Film Review: Spencer is an unconventional tale of tragedy, reinforced by a mesmeric Kristen Stewart

In the opening moments of Pablo Larraín‘s Spencer, his subject – Princess Diana (Kristen Stewart, beyond impressive) – hopes to maintain any shred of autonomy she can through a lifestyle she knows has wildly altered her reality.  Late to a family Christmas celebratory weekend – the film focuses on December 24th-26th in the early 1990’s, when her marriage to Charles was starting to unravel – she stops at a local diner to ask for directions.  She holds herself in a manner that doesn’t separate her from the local patrons, though they, understandably, stop in their tracks.  Moments later, she pulls over on the side of the road where she is spotted by the estate’s chef (Sean Harris).  He wonders why she is driving herself.  “Cars don’t drive on their own”, she retorts.

Perhaps almost perfectly marrying the notion of a subject uncomfortable with the spotlight with an actor of similar disinterest in the fame that comes with high-profile stature, Stewart, an initially unlikely choice to portray “the people’s princess”, is pitch perfect in a role that moves far beyond simple mimicry.  The film itself isn’t a biopic though – the title card calls it “a fable from a true story” – but even in Larraín’s unconventional choice to interpret Diana’s life rather than re-enact it, Stewart’s performance never wavers from evoking the truth.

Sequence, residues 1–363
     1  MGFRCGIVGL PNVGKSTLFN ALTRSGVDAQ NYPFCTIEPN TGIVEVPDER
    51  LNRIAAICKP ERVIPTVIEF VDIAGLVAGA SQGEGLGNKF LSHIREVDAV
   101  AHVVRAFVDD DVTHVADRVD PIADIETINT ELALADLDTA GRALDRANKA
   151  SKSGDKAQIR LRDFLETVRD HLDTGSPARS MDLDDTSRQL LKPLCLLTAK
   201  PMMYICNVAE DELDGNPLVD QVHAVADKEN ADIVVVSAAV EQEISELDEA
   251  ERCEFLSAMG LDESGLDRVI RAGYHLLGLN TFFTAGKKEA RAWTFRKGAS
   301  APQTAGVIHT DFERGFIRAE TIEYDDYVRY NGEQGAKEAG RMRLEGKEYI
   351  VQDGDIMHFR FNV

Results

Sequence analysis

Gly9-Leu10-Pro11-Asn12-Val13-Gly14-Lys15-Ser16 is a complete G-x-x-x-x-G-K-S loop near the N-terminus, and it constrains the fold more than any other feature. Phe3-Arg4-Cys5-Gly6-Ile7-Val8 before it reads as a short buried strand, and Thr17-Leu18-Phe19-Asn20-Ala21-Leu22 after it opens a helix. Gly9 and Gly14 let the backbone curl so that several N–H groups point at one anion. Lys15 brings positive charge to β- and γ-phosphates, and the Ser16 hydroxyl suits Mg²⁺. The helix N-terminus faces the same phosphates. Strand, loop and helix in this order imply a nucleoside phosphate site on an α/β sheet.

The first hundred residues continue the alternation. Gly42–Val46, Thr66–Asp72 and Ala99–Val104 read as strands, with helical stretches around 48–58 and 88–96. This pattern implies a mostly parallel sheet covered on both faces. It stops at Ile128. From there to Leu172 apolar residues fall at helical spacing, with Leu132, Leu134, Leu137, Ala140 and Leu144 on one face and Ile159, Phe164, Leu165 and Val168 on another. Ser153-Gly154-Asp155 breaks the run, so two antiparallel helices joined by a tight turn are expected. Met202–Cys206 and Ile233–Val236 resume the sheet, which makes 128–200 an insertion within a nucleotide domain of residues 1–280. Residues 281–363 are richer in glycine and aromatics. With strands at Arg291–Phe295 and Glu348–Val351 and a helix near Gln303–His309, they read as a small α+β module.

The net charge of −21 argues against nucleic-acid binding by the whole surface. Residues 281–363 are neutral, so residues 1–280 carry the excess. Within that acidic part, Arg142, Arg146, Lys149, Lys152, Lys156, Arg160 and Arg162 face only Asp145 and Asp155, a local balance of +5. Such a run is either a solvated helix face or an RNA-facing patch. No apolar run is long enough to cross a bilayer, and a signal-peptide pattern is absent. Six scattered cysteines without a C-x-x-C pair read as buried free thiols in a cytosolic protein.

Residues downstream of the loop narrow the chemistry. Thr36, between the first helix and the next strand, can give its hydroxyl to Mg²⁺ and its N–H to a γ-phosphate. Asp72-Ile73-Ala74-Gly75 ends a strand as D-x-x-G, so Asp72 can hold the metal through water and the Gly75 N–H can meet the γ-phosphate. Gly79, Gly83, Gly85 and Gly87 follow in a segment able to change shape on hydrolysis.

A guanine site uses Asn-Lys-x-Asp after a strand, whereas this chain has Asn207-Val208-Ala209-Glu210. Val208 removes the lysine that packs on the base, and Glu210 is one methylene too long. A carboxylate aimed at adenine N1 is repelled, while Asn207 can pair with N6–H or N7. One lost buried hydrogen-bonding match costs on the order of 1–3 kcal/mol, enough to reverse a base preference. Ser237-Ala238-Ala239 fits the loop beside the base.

Given the tragedy that befell Diana some 6 years later, it’s difficult to not watch this film with something of a suspicious gaze as she skulks around the house with an uncertainty, only ever finding moments of joy and comfort when interacting with her young sons, William (Jack Nielen) and Harry (Freddie Spry); a gorgeous moment of levity comes when she plays a late night questioning game with them and, for what feels like the first time in the film itself, she sits in a way that suggests the world has literally fallen off her shoulders.  It’s a moment she, and we as viewers, wish would last forever.  The uncertainty that haunts her throughout is amplified by Larraín’s distinct approach in his storytelling, with Johnny Greenwood‘s musical score evoking that sense of unease, whilst cinematographer Claire Mathon (Portrait of a Lady on Fire) dusts the film with a haze that lends the film an almost afterworldly mentality.

The fact that Spencer isn’t a more traditional biopic may irk viewers expecting a conventional narrative, and subtlety isn’t always a practice adhered to throughout – especially during the film’s final moments – but it’s never disrespectful to the memory of such a defiantly beautiful figure, and Stewart, whether she’s a performer you’ve come around to or not (and I can’t stress enough how she’s so far removed from the Twilight franchise that many can’t seem to shake her from), is truly captivating, delivering a performance that lingers with you long after the film has culminated.

FOUR STARS (OUT OF FIVE)

Spencer is now screening in Australian theatres.

Peter Gray

Film critic with a penchant for Dwayne Johnson, Jason Momoa, Michelle Pfeiffer and horror movies, harbouring the desire to be a face of entertainment news.

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